Sweden – July 27th – Göteborgs FyrverkeriFabrik AB

The Joy of Life

Designed by Martin Hildeberg, Simon Svennon and Andreas Helle. Pyrodigital Firing with 238 16-cue modules and ~3500 cues; Finale Fireworks visualization.

A hot and humid summer’s evening was the backdrop to the final competitor in the 2016 season. Wind threatened to blow smoke at the packed audience (probably the largest of the season so far), but the weather gods cooperated and conditions were very good for this outstanding display by the renowned Swedish team.

The display featured a complex setup, with all five ramps in use, as well as extension on ramp 3 and a 42m high “Sky Ladder”. Ramp 5 was interesting in that the centre pontoon of the five was twice as large as the rest. There were also firing positions mounted on poles across the front of ramp 3. The sky ladder had nine vertical positions that allowed firing left and right at various angles, as well as on top of each position. At the top, a module with 360o slices as well as another position firing upwards. The sky ladder was used throughout the show and, due to its height, was very effective, adding an unusual vertical dimension to the firing patterns.

The display itself began very powerfully, leading to great cheers from the audience after the first music ended. It was immediately apparent that this was going to be a very good display indeed, with massive shells, fast sequences and really vivid colours. I found myself shouting wow many times during the first half of the display.

Many different effects were present and all ramps played their part – though, occasionally, it was difficult to see the action as there was so much happening at different levels, especially with some of the horizontal mine sequences from the poles on ramp 3. Ramp 5, being close to the audience, added to the feeling of fullness as all positions in the sky were utilized. The sky ladder worked well, though I missed seeing the smiley face fired from the top of it (and this only appeared once). Martin Hildeberg’s signature style of fast sequences of flash pots and mines was seen many times. I was surprised by the power of many parts of the display as we had quite a few endings to songs that were almost finales in their own right.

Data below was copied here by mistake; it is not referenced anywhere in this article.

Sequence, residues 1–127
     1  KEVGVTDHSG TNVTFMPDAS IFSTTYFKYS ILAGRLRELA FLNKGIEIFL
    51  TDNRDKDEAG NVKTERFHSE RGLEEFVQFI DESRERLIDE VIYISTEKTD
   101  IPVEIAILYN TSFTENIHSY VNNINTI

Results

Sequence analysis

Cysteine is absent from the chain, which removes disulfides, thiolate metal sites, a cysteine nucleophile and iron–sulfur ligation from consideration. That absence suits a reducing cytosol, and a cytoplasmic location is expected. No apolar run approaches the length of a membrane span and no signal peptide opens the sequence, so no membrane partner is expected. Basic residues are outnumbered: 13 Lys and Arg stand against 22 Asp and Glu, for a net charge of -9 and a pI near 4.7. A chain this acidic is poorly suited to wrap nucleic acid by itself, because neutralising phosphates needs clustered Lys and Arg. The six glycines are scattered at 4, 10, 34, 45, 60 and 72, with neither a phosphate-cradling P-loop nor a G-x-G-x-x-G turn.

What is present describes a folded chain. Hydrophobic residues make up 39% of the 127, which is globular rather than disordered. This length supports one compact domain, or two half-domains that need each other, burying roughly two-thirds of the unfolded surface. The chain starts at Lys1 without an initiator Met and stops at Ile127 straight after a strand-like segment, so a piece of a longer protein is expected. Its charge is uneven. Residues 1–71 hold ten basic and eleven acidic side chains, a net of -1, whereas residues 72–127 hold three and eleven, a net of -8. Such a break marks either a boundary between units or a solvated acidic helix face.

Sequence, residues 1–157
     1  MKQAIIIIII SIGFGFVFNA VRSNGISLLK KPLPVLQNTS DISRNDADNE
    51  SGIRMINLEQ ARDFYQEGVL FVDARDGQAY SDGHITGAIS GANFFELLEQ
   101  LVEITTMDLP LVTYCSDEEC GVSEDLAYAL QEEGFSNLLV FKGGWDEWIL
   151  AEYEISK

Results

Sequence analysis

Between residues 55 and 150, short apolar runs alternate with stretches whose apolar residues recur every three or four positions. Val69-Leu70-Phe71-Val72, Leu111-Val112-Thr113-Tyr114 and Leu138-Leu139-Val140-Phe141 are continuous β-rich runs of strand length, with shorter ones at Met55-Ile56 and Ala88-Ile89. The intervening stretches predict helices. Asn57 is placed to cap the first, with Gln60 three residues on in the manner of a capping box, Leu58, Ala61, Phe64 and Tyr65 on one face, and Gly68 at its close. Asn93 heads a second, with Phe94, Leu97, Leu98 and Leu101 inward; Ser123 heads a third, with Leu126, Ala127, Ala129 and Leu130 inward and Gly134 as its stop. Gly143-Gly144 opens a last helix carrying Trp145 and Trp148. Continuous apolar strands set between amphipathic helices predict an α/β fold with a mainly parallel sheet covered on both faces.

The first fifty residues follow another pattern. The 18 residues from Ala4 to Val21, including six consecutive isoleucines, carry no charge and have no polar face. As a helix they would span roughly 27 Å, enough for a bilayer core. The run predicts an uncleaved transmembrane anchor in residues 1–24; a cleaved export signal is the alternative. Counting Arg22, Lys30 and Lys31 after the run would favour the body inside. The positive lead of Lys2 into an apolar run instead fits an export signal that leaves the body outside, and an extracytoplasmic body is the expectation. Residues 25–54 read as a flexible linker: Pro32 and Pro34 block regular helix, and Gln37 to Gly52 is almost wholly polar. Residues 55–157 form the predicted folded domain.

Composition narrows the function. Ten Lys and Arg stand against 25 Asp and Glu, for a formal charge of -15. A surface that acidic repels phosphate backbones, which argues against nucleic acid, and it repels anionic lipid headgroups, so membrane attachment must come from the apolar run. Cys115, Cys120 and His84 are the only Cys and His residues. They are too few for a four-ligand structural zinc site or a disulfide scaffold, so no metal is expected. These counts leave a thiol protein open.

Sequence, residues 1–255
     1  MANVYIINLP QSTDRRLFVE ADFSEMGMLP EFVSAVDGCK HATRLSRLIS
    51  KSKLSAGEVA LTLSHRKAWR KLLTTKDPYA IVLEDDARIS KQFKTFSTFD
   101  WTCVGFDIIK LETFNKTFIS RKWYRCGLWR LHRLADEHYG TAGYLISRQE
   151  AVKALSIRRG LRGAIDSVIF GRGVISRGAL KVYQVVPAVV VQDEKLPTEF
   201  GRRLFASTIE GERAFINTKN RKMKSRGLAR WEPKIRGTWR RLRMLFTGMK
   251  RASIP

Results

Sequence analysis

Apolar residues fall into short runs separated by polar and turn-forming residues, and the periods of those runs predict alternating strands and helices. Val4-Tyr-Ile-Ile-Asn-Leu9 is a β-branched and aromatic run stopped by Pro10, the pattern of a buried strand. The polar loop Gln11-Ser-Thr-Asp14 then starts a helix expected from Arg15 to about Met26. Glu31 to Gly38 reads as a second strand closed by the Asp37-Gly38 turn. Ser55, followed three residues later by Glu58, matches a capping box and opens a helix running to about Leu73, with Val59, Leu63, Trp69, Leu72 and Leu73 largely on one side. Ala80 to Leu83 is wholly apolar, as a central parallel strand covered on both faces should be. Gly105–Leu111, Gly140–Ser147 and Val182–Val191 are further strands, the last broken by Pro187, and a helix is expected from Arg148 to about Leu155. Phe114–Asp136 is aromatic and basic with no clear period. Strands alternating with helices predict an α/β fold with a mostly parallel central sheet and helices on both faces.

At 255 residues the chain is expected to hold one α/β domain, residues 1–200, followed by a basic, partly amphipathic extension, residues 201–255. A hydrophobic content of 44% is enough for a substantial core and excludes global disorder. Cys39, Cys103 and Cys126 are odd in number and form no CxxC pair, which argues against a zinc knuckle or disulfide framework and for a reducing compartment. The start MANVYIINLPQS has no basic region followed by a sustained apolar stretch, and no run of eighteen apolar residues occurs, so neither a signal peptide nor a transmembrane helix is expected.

In the second half of the display, though, I found the pace of the first half was not maintained. There was one point where I wondered if there was a technical problem as there were no low-level effects present at all for some period of time. I also found that similar effects such as horsetail / waterfall shells and large kamuros were repeated just a little bit too much. That said, the many different kinds of horsetails used were all very high quality and I particularly liked the shell-of-shells type. Martin had promised that his 12″ shells would be used to we could see them and this was certainly the case as they filled the sky and trailed to the lake, with cheers from the audience.

One stand-out feature of the display was how colourful it was. I had the impression that it was probably the most colourful of this year’s competition, though it’s hard to judge as the smoke conditions didn’t help with some displays. The colours were particularly vivid and there were certain portions of the display when the sky was filled with bright colours from all levels.

I enjoyed the music, as did the audience, with many people swaying in their seats. The finale was also excellent with probably the loudest barrages of salutes used this year, the whole finale building in an impressive way. I was surprised there were no nautical shells used there, though. The nauticals that had been used during the display were of various types of bengals, fountains and small mines, but no really powerful shell-types. It was a pity there were a few minor firing issues, with some positions on ramp 3 not always working and part of ramp 5 being switched off towards the end due to a fire on one pontoon. There were a few mis-placed items here and there (the wrong one-shot or shell), but these were very minor.

The audience gave the team a well deserved standing ovation, but the reception in the Salon des Artifciers was not quite as intense as that given to the Spanish team. Afterwards, Martin said he was pleased, but disappointed that the error rate in Montreal is always higher than his company is used to seeing. GFF will definitely have a place on the podium and it’s very hard to say if they will get the Gold or the Silver.

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